But why worry about people who don’t have a vote on appropriations and legislation, don’t make transportation policy and don’t have the ear of those who do? Are your critics on TO likely to write to policy makers on your behalf?

RPA might be able to recruit a few people to its cause but just because people are interested in passenger trains doesn’t mean they are interested in devoting much, if any, of their time to advocacy activities.

LeCody would also do well to reconsider his communication strategies if he decides to continue posting on railfan chat lists.

All of what he said he wanted to achieve sounded good until he wrote that he would “not put up with anyone who can only whine about passenger rail issues without offering to pitch in and actually do something to help our association improve the rail travel experience for members and the public.”

He later wrote, “I enjoy constructive criticism. I won’t put up with ‘glass totally empty’ people who have nothing of value to add to a conversation.”

I grimaced when I read those words. Having an edge is not necessarily the best way to win over your doubters and critics.

I don’t fault RPA or any organization for wanting to improve its image with key constituents.

Yet it is not clear what about RPA’s image the organization believes needs improving. I have a hunch about what that might be, but that is for another column.

In the meantime watch out for the rabbits.

RPA Continues to Press Amtrak About Food Service

August 31, 2019

The Rail Passengers Association continues to press Amtrak to improve its dining service on eastern long-distance trains by laying out this week its list of changes it wants to see implemented.

RPA has been expressing concern about Amtrak’s apparent plans to expand its contemporary dining service program to all long-distance trains in October although it hasn’t formally announced those changes.

Contemporary dining was introduced in June 2018 aboard the Lake Shore Limited (Chicago-New York/Boston) and the Capitol Limited (Chicago-Washington).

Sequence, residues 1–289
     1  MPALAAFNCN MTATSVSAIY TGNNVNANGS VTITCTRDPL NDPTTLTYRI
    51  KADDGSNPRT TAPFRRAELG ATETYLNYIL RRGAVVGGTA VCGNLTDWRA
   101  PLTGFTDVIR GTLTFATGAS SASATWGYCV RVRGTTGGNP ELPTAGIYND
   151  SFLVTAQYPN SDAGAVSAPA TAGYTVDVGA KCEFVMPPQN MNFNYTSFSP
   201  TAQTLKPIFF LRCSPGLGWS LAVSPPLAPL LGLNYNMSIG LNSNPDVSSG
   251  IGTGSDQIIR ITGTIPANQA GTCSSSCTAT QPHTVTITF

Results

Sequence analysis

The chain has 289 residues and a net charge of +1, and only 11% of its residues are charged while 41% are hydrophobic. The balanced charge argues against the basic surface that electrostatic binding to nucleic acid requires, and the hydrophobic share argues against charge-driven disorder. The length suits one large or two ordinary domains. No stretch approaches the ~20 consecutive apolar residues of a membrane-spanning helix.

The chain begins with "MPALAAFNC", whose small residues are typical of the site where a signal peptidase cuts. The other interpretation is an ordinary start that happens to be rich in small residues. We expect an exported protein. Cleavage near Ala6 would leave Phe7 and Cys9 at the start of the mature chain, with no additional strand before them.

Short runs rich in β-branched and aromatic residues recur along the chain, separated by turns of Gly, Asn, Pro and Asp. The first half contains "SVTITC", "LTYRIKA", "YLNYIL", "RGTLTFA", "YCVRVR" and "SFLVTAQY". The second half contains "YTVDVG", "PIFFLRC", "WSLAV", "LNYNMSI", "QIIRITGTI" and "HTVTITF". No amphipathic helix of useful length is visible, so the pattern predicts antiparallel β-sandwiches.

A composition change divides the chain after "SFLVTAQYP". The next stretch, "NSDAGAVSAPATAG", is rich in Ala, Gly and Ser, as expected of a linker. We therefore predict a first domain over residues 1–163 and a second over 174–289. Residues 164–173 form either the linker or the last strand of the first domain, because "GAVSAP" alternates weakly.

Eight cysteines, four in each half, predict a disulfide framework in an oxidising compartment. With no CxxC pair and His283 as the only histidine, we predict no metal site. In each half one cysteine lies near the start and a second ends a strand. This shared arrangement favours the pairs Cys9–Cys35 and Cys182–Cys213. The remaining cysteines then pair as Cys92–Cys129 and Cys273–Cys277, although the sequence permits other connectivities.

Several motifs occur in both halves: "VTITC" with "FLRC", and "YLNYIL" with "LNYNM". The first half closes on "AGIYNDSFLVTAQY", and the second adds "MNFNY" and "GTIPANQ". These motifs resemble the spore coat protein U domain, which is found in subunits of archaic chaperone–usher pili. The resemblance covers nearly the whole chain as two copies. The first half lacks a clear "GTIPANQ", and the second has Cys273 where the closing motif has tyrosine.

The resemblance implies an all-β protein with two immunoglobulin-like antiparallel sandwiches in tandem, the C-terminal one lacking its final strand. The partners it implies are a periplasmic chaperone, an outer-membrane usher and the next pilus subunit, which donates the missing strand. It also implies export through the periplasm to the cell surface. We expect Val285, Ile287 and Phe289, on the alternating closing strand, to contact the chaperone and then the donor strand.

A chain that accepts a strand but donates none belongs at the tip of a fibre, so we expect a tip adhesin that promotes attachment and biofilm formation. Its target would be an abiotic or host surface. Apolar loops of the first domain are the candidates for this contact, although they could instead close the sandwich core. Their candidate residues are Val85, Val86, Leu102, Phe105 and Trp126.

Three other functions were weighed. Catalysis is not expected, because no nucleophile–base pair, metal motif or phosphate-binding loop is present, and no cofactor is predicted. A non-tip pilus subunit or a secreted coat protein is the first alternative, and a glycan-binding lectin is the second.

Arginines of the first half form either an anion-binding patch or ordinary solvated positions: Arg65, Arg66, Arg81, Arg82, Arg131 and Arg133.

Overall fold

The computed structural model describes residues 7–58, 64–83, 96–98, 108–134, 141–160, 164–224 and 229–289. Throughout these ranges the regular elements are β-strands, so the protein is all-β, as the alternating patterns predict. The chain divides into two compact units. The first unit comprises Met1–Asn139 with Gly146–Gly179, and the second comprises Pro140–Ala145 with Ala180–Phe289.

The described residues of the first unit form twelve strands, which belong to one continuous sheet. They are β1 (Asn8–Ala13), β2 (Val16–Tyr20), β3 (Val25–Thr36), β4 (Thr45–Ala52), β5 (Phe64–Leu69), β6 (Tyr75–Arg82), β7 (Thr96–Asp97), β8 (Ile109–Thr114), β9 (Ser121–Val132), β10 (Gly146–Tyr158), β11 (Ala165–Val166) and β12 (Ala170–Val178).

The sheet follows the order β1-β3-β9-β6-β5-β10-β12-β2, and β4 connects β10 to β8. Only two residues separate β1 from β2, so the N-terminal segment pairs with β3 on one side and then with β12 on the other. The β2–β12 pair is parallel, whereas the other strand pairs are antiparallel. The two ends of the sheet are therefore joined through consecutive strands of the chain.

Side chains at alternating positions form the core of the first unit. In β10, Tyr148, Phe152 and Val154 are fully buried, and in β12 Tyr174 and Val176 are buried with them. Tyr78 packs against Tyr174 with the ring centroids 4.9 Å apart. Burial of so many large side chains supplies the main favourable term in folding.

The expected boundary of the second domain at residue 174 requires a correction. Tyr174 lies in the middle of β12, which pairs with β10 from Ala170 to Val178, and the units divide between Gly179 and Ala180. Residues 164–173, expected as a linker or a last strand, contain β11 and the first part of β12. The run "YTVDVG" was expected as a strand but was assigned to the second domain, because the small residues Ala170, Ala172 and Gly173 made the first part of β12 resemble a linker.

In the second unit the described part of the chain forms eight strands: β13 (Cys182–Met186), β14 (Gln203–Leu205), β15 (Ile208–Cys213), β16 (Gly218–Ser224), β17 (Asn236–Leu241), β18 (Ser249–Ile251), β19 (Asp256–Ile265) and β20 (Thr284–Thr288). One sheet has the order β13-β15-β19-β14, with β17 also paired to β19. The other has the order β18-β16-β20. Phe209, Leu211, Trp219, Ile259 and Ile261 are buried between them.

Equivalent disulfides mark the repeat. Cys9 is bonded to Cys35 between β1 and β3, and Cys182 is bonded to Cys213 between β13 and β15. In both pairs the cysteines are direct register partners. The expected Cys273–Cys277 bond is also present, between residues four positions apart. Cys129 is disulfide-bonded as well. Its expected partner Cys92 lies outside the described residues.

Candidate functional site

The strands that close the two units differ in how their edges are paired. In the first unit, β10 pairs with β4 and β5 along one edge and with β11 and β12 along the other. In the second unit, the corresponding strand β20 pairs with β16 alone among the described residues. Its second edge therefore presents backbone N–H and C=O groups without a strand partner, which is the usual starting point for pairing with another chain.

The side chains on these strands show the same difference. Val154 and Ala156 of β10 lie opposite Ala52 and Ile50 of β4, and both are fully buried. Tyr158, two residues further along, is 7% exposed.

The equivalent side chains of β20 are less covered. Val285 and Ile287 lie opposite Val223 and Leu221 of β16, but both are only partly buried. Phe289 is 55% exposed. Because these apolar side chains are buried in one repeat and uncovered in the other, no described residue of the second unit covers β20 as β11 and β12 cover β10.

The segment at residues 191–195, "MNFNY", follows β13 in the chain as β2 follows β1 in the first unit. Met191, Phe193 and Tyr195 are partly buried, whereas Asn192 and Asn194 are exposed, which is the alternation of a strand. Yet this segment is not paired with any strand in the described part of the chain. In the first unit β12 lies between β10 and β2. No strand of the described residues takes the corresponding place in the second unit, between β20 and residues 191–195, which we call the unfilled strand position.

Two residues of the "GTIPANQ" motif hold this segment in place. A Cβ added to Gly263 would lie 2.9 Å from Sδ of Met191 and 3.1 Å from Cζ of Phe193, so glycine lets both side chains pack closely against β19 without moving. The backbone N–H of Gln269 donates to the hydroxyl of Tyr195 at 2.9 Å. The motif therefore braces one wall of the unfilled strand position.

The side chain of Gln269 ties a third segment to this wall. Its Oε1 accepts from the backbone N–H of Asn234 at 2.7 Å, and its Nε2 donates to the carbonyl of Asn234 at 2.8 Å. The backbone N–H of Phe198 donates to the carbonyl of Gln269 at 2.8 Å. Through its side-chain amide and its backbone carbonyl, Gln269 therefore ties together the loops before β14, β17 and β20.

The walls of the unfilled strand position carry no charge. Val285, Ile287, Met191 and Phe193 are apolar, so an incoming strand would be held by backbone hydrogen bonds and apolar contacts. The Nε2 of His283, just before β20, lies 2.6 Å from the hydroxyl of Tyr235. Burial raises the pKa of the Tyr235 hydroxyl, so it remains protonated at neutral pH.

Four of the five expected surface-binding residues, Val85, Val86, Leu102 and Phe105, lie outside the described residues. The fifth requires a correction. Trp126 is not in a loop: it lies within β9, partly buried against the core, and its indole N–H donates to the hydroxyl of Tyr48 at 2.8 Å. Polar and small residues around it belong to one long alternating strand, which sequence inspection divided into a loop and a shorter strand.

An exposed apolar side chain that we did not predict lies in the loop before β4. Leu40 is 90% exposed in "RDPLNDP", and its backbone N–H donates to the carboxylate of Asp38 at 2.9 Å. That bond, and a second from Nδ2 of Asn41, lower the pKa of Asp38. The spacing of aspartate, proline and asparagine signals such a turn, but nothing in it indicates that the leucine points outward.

Both trains lost their full-service dining cars in favor of a limited menu of offerings prepared off the train.

RPA said it has raised with Amtrak management several issues involving contemporary dining but thus far the carrier has only addressed one of them by adding a hot dining option.

“Since last year, we’ve been meeting informally with Amtrak leaders and executives to try to work out something better,” RPA wrote this week on its blog. “It appears Amtrak is simply barreling ahead with an offering that remains flawed and potentially threatens the attractiveness of the trains without substantively addressing the shortcomings we identified.”

Among the suggestions that RPA has made are more hot meal choices; more consideration for dietary needs such as kosher requirements, vegetarian, low-sodium/healthy, and common allergies; better presentation, which would eliminate the dinner-in-a-box concept; better provisioning so that diners should not run out of food in the first few hours of an overnight journey; and allowing coach passengers to buy meals in the diner.

Amtrak has suggested to RPA that new equipment is coming that would make it easier to address these concerns.

This includes new convection ovens in place of microwave ovens that will mean that more food could be cooked simultaneously and would have a better taste.

The carrier has also told the rail advocacy group that a new food-service vendor competition was supposed to improve the food choices while helping Amtrak meet its legal mandate to break-even on food and beverage.